+0  
 
0
107
2
avatar

1. In triangle \(ABC\), point \(X\) is on side \(\overline{BC}\) such that \(AX = 13, BX = 14, CX = 4, \) and the circumcircles of triangles \(ABX\) and \(ACX\) have the same radius. Find the area of triangle \(ABC\).

 

2. Let \(\mathcal{R}\) be the circle centered at \((0,0)\) with radius \(10.\) The lines \(x=6\) and \(y=5\) divide \(\mathcal{R}\) into four regions \(\mathcal{R}_1\)\(\mathcal{R}_2\)\(\mathcal{R}_3\), and \(\mathcal{R}_4\). Let \([\mathcal{R}_i]\) denote the area of region \(\mathcal{R}_i\). If \([\mathcal{R}_1] > [\mathcal{R}_2] > [\mathcal{R}_3] > [\mathcal{R}_4],\) then find \([\mathcal{R}_1] - [\mathcal{R}_2] - [\mathcal{R}_3] + [\mathcal{R}_4]\).

 

Thank you so much for your help!

 May 30, 2020
 #1
avatar
0

For problem 1,  I placed the diagram on a coordinate axis, with P(0,0), C(4,0), and B(-14,0).

Since PA = 13, it is on a circle with center P and radius 13:  x2 + y2  =  13

-- I called the x-value of this point 'a', so the y-value became  sqrt(169 - a2).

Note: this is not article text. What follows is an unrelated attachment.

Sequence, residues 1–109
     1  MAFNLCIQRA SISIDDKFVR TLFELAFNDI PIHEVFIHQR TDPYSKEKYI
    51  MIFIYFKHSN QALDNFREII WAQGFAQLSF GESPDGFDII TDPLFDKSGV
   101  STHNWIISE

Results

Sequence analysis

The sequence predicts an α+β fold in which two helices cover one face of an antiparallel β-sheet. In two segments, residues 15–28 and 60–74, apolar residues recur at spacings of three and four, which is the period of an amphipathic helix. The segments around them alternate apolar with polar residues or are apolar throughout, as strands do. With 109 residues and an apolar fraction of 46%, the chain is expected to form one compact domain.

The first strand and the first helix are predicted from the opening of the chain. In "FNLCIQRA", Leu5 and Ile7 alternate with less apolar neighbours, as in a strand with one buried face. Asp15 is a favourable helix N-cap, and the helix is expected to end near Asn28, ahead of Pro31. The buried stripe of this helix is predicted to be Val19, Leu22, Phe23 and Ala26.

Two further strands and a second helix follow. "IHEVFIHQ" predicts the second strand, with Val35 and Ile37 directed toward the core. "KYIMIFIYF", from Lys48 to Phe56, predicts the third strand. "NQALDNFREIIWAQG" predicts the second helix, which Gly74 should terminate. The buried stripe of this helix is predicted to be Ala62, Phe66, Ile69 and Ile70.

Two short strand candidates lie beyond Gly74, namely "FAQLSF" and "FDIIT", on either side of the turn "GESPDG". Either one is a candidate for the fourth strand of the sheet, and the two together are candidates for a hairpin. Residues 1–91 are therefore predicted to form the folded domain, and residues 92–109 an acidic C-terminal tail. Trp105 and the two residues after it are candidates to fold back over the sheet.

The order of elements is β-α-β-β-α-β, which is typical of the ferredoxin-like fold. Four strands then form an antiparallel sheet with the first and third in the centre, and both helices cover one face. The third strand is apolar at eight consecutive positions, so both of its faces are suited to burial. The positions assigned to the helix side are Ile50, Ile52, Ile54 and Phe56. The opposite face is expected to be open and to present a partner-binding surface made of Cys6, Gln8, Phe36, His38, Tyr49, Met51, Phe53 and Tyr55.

I used the theorem that the center of a circle is on the perpendicular bisectors of the chords.

Since one chord is BP, its midpoint has x-value -7 and its y-value is on the line x = -7.

Since another chord is PC, its midpoint has x-value 2 and its y-value is on the line x = 2.

Another chord is AP: using its endpoints, I found its midpoint and its slope.

From these values, I could find the equation of its perpendicular bisector (not a lot of fun, for it had a lot of a-terms and square roots).

Then, I found the intersection of this perpendicular biscector with the line x = -7 and the intersection of this perpendicular bisector with the line x = 2 (there were still a lot of a-terms and square roots).

With these two points (the centers of the circumcircles), I could find the distance from one center to point P and the distance from the other center to point P (By this time, I was on a firt-name basis with the a-terms and square roots).

Since these are equal, by solving this equation, I could find the value of a, which was 8.

 

This is the x-value of point A, allowing me to find the y-value of point A, 12, which is the height of triangle ABC.

With the height 8 + 8 = 16 and the base 12, the area is 96.

 May 30, 2020
 #2
avatar
0

2. By calculus,

\([\mathcal{R}_1] = 30 + \frac{1}{4} \cdot \pi \cdot 10^2 + \int_0^5 \sqrt{100 - x^2} \ dx + \int_0^6 \sqrt{100 - x^2} \ dx.\)

We can write out the areas similarly, to get [R_1] - [R_2] - [R_3] + [R_4] = 84.

 May 31, 2020

10 Online Users

avatar
avatar